Metalcrusher

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Routine for you mate ... routine, routine, routine. Same thing every time you get home. Two things you should try NOT to do, alcohol and eating before bed. If you do feel hungry have a really light snack, salads, fruit, yoghurts. Don't carb or protein load.

Dark, block out curtains, aircon set at 21-22 degrees. Close off all noise, if that is not possible, make "white noise" to block out other noises. Bring a fan into your room, for me (when I did it) I left the Am radio on ABC for talk back chatter down low ...

Don't get angry, sometimes the bio rhythm just doesn't work. Get up, have a shower and try again.

Try and exercise before bed, nothing too strenuous, just a walk will do to unwind from your shift.
 

Dramoth

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Routine for you mate ... routine, routine, routine. Same thing every time you get home. Two things you should try NOT to do, alcohol and eating before bed. If you do feel hungry have a really light snack, salads, fruit, yoghurts. Don't carb or protein load.

Dark, block out curtains, aircon set at 21-22 degrees. Close off all noise, if that is not possible, make "white noise" to block out other noises. Bring a fan into your room, for me (when I did it) I left the Am radio on ABC for talk back chatter down low ...

Don't get angry, sometimes the bio rhythm just doesn't work. Get up, have a shower and try again.

Try and exercise before bed, nothing too strenuous, just a walk will do to unwind from your shift.
Had a mate who worked nights for Steggles over here in WA. First thing he would do when he got home would be to drink a bottle of wine. He had a drinking problem after a while!
 

CaptainCripps13

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Routine for you mate ... routine, routine, routine. Same thing every time you get home. Two things you should try NOT to do, alcohol and eating before bed. If you do feel hungry have a really light snack, salads, fruit, yoghurts. Don't carb or protein load.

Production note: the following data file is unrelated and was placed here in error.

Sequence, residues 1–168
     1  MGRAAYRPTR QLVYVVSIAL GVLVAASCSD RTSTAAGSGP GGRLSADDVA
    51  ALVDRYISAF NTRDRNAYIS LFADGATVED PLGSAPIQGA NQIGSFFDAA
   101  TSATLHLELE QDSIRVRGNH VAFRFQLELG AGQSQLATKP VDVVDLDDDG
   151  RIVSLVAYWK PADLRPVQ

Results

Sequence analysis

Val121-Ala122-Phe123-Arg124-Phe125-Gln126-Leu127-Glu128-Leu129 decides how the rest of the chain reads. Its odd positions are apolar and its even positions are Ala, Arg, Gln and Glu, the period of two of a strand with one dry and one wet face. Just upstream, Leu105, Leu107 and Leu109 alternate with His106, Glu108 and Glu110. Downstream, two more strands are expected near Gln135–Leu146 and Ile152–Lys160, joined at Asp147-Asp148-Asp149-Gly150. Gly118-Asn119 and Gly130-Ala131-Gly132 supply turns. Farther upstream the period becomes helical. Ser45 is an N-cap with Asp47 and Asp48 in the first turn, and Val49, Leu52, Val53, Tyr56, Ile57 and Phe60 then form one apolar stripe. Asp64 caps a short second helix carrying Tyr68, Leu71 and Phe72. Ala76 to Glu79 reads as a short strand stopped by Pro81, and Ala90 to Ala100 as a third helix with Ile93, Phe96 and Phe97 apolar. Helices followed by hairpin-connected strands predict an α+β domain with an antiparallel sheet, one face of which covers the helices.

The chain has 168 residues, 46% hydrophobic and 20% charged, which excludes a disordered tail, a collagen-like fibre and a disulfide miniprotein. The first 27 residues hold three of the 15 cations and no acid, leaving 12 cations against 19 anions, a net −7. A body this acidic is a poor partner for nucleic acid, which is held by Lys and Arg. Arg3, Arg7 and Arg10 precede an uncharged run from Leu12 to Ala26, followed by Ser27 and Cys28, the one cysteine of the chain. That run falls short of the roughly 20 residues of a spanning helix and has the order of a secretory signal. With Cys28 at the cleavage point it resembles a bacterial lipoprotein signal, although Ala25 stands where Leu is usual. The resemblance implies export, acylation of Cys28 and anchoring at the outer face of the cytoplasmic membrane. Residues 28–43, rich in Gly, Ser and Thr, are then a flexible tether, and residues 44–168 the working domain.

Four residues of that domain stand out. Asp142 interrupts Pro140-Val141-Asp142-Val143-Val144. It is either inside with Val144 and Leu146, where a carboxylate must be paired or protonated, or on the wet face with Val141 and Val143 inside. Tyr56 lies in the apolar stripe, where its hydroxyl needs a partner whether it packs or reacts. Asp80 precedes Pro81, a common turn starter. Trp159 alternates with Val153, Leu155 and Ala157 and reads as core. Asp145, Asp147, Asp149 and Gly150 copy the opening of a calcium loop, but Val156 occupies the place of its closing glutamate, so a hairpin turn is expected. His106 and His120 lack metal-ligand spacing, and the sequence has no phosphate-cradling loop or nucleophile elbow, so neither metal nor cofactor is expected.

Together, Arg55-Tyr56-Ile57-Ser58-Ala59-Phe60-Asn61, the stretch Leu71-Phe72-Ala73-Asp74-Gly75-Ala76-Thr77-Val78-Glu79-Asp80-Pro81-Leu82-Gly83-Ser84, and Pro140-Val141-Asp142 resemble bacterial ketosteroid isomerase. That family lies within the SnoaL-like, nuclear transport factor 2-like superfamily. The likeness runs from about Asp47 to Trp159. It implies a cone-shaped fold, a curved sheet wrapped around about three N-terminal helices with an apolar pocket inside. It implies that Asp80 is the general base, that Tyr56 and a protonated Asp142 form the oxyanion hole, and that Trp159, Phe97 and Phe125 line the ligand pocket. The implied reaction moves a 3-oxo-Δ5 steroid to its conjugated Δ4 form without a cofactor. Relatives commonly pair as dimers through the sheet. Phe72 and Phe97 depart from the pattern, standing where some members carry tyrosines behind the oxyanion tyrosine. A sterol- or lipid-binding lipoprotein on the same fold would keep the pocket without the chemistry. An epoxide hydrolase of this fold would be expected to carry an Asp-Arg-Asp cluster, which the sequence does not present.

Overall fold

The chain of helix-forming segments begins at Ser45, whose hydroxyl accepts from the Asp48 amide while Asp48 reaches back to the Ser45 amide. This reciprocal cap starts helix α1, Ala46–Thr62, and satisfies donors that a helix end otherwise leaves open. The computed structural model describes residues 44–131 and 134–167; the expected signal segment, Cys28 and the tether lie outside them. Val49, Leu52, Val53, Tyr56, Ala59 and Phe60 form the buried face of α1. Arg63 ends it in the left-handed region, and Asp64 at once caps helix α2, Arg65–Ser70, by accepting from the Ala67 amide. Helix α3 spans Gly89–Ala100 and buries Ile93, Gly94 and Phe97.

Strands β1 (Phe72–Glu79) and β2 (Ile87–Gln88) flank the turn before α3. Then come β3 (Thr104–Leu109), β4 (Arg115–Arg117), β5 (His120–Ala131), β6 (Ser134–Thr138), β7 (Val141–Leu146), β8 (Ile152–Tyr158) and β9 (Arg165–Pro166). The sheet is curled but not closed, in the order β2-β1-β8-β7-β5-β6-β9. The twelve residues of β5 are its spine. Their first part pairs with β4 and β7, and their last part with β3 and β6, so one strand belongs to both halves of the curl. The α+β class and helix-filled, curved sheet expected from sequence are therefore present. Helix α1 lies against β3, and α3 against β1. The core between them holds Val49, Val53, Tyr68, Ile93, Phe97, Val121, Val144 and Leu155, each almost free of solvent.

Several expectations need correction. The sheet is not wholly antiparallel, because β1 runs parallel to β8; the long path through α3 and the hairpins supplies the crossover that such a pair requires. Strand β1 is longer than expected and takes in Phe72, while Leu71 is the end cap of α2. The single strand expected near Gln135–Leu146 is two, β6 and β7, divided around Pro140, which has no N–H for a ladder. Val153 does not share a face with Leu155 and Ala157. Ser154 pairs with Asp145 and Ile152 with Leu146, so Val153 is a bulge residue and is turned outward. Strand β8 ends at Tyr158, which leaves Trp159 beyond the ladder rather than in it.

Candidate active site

Dark, block out curtains, aircon set at 21-22 degrees. Close off all noise, if that is not possible, make "white noise" to block out other noises. Bring a fan into your room, for me (when I did it) I left the Am radio on ABC for talk back chatter down low ...

Don't get angry, sometimes the bio rhythm just doesn't work. Get up, have a shower and try again.

Try and exercise before bed, nothing too strenuous, just a walk will do to unwind from your shift.
This is excellent advice. Particularly the air con and the exercise.

Can I add, if something is keeping you anxious keep a notebook with a pen beside your bed. Some people struggle to sleep because they feel like they are forgetting to do things - if that is you and you think of something write it down. Having the notebook beside you means you don't worry about thinking about X and then forgetting.

If you can, start thinking about meditation. I do it three times per day and it really helps centre your energy and your thinking. And I am not a vegan/hippie at all - the opposite. But if you learn to do it well you get an inner calmness that helps in all parts of your life.

For those needing medication, there is no shame in it. Just make sure your GP monitors your dosage regularly and checks your blood pressure and does a full blood test every 6 months.